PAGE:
High-Budget vs Low-Budget: Who’s More Successful in 2018 so Far?
Looking at the numbers to see if spending over one hundred million dollars is worth it in the end.
It’s difficult to make a movie— there’s no question. From the beginning of the creative process to the distribution of the finished product in theaters, the whole industry can be an eternal black hole of pandemonium. You know what the worst part is? That the possibility of not even having a payoff is incredibly high.
Large studios dominate the field; we know the names: Universal, Time Warner, Paramount, Disney etc. Many of the small companies, such as Focus, A-24 and other art house studios, are rooted into the corporate structures of these super powers. When pitching a film, your ideal situation is being backed by a studio. Think about it… it gives your idea prestige, a strong network, and money.
I’m a fan of indie films. They’re usually the ones that make me sympathize the most because of their realism. However, the independent filmmaking process is treacherous. Financiers are crucial to their development, and then, don’t even get me started on looking for distributors. In the end, a lot of independent movies are branded by a large studio because: a) it caught their attention, and b) the crew needs the exposure.
“We’ve gotten to a point where it costs so much money to make a movie that directors and filmmakers feel they have to make sure that everybody gets it. And that’s an unfortunate development, I think, in a lot of narratives floating around in the film industry.” – Jeff Nichols
However, which movies are better? Economically: The ones with an exaggerated budget for a surplus of dazing visual effects? Or the movies made from recycled equipment and studio scraps?
It can go either way because in the end if a studio film has a successful marketing plan along with good strategic targeting program, then it will probably be a major success. It’s all seasonal.
The end of 2017 and into 2018, brought this matter into focus as many low-budget films have surprised audiences and reigned in a lot of dough at the domestic office. Not just that though, it’s also been a year where films with a large fanbase have bombed and disappointed both viewers and artists.
Let’s take a look at the numbers (before fees are taken out, and only comparing production costs, theater gross and domestic box office. Most of the big-budget films do a large majority of biz in other countries):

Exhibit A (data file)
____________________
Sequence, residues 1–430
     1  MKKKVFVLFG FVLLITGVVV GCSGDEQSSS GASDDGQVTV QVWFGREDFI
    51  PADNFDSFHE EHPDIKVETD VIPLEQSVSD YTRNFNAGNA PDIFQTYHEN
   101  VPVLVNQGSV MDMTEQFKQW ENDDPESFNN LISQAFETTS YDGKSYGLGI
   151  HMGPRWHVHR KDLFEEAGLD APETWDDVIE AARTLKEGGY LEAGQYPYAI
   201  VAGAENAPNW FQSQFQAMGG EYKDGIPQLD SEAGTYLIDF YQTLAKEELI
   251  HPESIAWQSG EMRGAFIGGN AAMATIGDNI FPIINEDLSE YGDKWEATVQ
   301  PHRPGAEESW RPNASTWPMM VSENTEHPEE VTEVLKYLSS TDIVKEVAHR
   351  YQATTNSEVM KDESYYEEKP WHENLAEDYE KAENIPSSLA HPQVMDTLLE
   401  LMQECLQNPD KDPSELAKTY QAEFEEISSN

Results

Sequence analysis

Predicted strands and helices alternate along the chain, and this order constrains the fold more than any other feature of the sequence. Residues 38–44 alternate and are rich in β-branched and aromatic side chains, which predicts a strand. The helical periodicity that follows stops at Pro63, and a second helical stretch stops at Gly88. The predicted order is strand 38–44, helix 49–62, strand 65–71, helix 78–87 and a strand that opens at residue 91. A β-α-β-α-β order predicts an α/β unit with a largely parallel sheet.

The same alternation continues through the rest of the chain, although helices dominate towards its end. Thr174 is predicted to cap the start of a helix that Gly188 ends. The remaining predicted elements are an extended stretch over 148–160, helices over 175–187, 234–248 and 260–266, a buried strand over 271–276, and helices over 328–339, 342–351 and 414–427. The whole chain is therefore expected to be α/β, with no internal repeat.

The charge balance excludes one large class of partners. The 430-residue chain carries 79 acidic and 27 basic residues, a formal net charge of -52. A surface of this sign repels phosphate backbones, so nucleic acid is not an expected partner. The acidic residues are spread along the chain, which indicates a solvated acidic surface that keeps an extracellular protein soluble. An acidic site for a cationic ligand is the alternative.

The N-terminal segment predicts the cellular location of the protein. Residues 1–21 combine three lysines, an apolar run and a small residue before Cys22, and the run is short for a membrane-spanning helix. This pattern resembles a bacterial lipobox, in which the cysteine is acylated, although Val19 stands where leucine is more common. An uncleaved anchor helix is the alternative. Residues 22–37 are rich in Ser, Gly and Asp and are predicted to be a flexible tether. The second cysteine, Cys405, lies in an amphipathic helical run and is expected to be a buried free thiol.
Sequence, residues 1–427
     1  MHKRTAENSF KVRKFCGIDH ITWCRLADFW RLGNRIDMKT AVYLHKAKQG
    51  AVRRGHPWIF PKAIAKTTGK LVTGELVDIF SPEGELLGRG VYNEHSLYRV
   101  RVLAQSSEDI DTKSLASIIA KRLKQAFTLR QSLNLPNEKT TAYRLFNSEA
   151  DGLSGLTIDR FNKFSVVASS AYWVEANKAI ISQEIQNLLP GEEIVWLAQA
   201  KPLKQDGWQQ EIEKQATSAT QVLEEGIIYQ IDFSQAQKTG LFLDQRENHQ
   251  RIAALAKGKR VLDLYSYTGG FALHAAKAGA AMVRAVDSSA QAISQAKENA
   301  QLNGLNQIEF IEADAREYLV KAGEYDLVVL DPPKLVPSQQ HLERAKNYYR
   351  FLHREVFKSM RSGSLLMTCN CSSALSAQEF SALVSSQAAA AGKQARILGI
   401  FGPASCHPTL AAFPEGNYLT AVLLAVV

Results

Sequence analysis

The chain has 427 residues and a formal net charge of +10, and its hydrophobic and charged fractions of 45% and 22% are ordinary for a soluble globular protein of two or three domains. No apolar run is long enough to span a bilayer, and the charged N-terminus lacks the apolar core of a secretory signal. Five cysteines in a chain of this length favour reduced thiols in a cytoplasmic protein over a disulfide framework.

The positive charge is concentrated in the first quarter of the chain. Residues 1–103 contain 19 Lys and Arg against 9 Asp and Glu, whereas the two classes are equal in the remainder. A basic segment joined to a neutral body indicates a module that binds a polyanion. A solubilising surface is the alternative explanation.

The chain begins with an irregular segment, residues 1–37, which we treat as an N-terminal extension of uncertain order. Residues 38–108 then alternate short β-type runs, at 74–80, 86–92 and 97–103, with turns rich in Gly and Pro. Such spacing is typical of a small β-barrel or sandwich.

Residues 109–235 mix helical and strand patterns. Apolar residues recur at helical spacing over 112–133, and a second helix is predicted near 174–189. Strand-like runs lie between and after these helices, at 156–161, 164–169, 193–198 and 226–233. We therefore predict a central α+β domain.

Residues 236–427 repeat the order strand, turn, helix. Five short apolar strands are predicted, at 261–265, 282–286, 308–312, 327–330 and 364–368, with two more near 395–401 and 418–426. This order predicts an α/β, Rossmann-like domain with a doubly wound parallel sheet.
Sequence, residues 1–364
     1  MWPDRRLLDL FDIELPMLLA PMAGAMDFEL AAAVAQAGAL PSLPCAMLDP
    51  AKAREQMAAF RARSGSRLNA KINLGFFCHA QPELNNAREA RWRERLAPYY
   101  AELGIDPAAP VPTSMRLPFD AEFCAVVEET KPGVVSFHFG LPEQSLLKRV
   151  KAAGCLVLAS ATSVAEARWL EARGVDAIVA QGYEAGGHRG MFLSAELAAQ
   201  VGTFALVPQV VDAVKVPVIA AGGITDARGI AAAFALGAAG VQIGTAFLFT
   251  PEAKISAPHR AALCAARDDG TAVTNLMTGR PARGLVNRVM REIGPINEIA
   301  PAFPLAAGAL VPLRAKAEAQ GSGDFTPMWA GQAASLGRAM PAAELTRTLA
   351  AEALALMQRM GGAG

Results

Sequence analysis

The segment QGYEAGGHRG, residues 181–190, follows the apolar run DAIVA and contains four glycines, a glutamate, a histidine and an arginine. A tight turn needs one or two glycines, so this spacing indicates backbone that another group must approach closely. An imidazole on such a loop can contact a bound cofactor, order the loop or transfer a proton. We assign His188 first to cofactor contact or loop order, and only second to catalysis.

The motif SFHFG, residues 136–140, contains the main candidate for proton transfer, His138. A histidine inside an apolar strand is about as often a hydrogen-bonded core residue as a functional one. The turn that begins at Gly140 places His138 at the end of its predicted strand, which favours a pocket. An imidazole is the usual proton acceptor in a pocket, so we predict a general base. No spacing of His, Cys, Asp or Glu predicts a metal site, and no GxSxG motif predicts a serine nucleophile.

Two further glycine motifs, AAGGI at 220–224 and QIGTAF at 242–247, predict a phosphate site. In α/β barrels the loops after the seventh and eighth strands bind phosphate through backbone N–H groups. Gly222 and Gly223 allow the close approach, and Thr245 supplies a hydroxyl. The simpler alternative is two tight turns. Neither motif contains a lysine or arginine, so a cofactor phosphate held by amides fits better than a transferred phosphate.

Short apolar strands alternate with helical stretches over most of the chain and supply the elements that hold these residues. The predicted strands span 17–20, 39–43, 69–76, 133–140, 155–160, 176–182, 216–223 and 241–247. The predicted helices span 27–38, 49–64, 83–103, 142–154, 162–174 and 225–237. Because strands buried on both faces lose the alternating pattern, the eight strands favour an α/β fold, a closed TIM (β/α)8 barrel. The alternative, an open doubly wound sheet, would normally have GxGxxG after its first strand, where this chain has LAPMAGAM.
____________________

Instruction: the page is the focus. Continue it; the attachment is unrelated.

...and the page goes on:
Ultra high-budget films:
Budget: $200 million
DBO: $675 million
Profit: $475.9 million
Ready Player One
Budget: $175 million
DBO: $118 million
Loss: $56.3 million
Pacific Rim Uprising
Budget: $150 million
DBO: $58 million
Loss: $91.9 million
Budget: $69 million
DBO: $46.5 million
Loss: $22.5 million
Now, for the relatively low-budget films:
Budget: $17 million
DBO: $39 million
Profit: $22.6 million
The Shape of Water
Budget: $19.5 million
DBO $63 million
Profit: $44.3 million
A Quiet Place
Budget: $17 million
DBO: $108 million
Profit: $91 million
Decide for yourself, and yes, these numbers are always changing. Ready Player One and Red Sparrow are still in theaters, so their hopes of catching up aren’t completely gone… right? I’m just trying to be optimistic, but why are these films having a problem with American audiences?
A Quiet Place came out at the beginning of April, around a week after the release of the Spielberg film. However, A Quiet Place only tails the ultra high-budget film by $10 million dollars. There’s no excuse.
Let’s face it, just because a film pours its pockets out onto its visual effects crew doesn’t mean that it will be able to break-even and bring that money back. Although, the visuals tend to be impressive, but it’s not enough to distract audiences from a lacking story or theme. This is a trend that has been projected over and over again, but fewer films are being made by large studios. Why? Well, because they continue to invest large sums of money into fewer projects, which minimizes risk.
Black Panther is an outlier (and a Marvel film, which hasn’t failed yet). Congratulations to all the hard work put into that movie. It’s the only strand of successful ultra high-budget films that have sprouted from this pandemic. Unfortunately, its peers have continued to be letdowns. Even book adaptations, such as Red Sparrow with the help of Jennifer Lawrence, can’t even break through the system, and they have a precedented fanbase!
So, what is going on?
The fact is that films with a lower-budget tend to hit a higher level of quality. Why? Since they don’t have a lot of money to spare, the film producers can’t let a penny go to waste. This leads to a focus on plot and thematic elements that create a film that audiences can relate to. Remember the Academy Award winning 2017 darling, Moonlight? It had a budget lower than $4 million dollars and grossed around $60 million.
Also, horror movies are a safe pick for profit because people will always pay to watch one in the theatre, and their budget is always low. If a book adaptation isn’t an accurate depiction of its predecessor novel, then fans will rip it to shreds. There comes a time when the industry needs to stop speculating and ask the question: Is this even worth $100 million or more?
But, hey, I’m just pointing out the numbers…